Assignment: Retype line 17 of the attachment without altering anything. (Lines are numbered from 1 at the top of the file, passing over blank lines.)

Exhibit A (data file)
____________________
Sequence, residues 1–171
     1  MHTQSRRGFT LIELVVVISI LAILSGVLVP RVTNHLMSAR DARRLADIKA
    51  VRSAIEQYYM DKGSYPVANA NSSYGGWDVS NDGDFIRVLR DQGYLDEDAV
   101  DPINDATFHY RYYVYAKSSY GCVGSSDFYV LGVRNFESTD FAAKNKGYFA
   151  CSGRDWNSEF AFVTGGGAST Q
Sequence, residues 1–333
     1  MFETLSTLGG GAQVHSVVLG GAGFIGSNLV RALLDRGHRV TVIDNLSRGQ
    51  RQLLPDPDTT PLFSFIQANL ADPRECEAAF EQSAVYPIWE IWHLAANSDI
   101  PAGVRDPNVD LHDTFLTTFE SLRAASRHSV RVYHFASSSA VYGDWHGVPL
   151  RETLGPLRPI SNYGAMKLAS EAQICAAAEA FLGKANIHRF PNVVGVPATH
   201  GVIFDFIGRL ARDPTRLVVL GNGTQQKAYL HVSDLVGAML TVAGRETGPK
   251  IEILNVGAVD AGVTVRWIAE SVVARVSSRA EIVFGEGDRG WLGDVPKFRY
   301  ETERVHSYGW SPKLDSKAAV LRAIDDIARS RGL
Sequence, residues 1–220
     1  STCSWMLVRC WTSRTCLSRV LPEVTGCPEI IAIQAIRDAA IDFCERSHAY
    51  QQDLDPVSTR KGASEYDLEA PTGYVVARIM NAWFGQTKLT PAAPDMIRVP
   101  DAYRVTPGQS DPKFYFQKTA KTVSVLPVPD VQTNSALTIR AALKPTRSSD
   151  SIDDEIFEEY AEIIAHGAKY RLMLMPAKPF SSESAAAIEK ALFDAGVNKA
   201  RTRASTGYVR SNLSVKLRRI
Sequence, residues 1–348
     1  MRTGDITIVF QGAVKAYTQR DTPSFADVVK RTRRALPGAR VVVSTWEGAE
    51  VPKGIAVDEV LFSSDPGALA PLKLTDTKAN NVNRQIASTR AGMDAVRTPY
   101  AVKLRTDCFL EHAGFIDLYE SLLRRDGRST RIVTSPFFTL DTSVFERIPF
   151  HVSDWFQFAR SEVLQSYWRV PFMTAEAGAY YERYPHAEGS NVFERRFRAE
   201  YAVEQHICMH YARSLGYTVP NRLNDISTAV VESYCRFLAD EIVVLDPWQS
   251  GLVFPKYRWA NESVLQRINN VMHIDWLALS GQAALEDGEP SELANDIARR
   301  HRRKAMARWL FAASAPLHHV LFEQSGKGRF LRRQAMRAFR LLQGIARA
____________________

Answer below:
   101  DAYRVTPGQS DPKFYFQKTA KTVSVLPVPD VQTNSALTIR AALKPTRSSD